30 May Our Trip down the East Coast of Australia – Part 2
After snorkelling on the Great Barrier Reef, sailing the Whitsundays and driving 430 miles down the East Coast, we were eager to see what else was in store for us during the second half of our Australian road trip. If you haven’t read about the first half of our road trip you can check it out here.
Driving the East Coast of Australia
We started the next leg of our trip in Rockhampton. We hadn’t heard particularly exciting reviews about this city and associated it mainly with the devastating floods that occurred there a few years ago. We would have skipped it entirely had the drive between Airlie Beach and 1770 not been so long; instead we scheduled a brief overnight stop here before heading onwards.
Named after the year Captain Cook landed there, 1770 is a worthwhile diversion off the main tourist trail. One of Andrew’s relatives who we met during our week in Sydney raved about this sleepy beach haven so we were excited to check it out. We found acres of rugged shoreline and sandy beaches with fierce waves to explore and had a peaceful time staying in a backpackers retreat in the middle of nowhere. 1770 was a great place to relax; the nights were surprisingly cold, the sky riddled with stars and buzzing with hungry mosquitoes.
For some reason, even though we didn’t do a lot and had a horrid brush with bedbugs while we were there, we loved our stay in Hervey Bay. Unlike many of the places we visited in Australia, in Hervey Bay the locals seemed to outnumber the tourists; we could wander down to the beach from our hostel and see people fishing off the pier, walking their dogs along the sand and even competing in a triathlon. Our hostel offered free bikes so we spent one afternoon riding them around the whole bay, whizzing around the harbour and along the esplanade towards the sun setting over the sea – it was one of my favourite days in Australia.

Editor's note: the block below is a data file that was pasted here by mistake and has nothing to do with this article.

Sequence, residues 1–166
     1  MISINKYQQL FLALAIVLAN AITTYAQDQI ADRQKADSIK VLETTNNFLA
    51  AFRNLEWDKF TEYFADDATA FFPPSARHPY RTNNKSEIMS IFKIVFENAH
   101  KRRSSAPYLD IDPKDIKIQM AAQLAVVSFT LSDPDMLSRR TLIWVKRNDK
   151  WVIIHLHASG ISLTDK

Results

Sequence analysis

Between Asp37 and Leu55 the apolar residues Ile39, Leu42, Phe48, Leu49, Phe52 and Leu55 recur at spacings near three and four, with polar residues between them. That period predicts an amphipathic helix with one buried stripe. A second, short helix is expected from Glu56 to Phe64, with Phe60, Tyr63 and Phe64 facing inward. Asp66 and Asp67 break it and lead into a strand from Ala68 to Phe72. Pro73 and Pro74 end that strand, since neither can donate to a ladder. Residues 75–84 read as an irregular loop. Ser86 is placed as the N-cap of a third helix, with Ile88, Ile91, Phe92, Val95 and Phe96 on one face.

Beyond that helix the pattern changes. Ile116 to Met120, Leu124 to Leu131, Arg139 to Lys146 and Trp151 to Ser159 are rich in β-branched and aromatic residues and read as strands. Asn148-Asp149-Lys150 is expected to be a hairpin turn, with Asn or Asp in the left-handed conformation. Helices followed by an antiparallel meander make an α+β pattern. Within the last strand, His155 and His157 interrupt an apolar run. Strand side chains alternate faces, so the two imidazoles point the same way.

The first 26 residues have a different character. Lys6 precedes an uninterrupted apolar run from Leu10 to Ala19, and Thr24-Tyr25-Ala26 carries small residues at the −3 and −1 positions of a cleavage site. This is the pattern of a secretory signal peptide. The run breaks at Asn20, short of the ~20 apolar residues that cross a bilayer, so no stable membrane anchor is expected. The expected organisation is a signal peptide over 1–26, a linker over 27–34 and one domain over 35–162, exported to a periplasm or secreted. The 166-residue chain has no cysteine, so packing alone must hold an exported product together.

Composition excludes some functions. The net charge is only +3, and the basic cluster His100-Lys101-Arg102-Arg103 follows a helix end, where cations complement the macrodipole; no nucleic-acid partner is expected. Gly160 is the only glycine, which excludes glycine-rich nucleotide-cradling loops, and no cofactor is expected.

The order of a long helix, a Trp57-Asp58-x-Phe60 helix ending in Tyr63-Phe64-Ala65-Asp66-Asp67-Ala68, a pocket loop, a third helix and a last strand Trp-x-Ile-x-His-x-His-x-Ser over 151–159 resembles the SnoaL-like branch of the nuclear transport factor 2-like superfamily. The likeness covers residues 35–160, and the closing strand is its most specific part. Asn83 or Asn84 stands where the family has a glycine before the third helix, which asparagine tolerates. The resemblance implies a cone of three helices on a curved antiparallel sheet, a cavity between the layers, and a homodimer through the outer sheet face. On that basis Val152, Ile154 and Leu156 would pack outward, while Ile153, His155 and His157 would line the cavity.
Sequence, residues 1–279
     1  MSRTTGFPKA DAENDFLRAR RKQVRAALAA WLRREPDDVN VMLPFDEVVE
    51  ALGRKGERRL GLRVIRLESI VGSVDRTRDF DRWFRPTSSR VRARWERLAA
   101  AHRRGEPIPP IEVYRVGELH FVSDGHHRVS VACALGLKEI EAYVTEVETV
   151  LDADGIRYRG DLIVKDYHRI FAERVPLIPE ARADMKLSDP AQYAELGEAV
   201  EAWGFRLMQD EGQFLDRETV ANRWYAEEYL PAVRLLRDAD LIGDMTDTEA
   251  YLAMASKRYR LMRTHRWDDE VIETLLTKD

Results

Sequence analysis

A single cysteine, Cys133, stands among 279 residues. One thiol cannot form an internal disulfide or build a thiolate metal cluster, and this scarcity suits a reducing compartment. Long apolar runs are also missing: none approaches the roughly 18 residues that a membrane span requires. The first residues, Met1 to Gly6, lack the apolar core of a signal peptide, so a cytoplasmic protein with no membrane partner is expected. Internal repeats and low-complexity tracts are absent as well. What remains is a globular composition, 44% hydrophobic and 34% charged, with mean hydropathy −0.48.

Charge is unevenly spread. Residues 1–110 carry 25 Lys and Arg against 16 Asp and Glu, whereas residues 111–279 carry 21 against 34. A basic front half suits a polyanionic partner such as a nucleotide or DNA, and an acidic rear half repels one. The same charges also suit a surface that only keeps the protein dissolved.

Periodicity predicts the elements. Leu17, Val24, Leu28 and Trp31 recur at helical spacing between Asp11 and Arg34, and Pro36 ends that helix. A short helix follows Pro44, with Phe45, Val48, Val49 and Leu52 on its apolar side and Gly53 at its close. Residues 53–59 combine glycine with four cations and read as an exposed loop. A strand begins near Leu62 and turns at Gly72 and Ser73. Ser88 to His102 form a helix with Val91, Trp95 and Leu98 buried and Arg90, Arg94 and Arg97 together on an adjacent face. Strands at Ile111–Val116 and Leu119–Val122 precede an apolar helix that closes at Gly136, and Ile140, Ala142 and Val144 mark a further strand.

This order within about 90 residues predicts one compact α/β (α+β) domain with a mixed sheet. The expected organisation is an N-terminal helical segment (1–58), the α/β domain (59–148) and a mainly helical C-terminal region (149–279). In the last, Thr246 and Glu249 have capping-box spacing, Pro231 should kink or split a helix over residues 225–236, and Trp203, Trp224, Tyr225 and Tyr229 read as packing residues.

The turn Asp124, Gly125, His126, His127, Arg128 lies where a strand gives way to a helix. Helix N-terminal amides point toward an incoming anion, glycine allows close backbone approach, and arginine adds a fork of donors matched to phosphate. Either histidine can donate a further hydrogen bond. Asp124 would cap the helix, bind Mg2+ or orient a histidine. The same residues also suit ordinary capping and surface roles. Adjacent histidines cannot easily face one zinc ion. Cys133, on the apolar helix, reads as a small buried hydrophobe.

We didn’t exactly hit it off with Brisbane; in fact, after getting hopelessly lost driving around confusing one-way systems looking for a Tourist Information Centre we were considering just driving straight out the other side. Eventually though, once we’d found a place to stay and had some food in our bellies we started to make friends with Brisbane. We wandered down to the South Bank in time to see the sun set spectacularly over the futuristic skyline – it reminded me a bit of Canary Wharf in London (except for the palm trees). We didn’t have time to explore much more of Brisbane as the next day we set off to Lone Pine Koala Sanctuary where we had a great time meeting all sorts of cute and weird Australian animals.
Our stay in Surfers’ Paradise was doomed from the moment we arrived to a leaden-grey sky which quickly gave way to a heavy downpour. Over the next couple of days, every time we stepped out of our hotel it seemed to start raining again – this was definitely not the sunny Australia we’d envisioned. Added to the miserable weather we didn’t like the feel of Surfers’ Paradise with its shiny glass buildings and plush apartment blocks – everything seemed very soulless and flashy; exactly what I imagine LA to be like.
On the last day of our road trip down the East Coast we took a trip to Byron Bay. We made it down to the beach in time for the rain to start lashing down on us again; from there we sloshed back to the car and drove up to the famous lighthouse, which looked pretty atmospheric actually against the moody sky. We thought Byron Bay looked like a pretty nice, bohemian place; full of coffee shops, book stores and vegan restaurants but it’s also quite expensive and I’m glad we didn’t opt to spend more time there.
So that concludes our three-week Australian road trip; next up – a brand new adventure in a totally different country – Indonesia.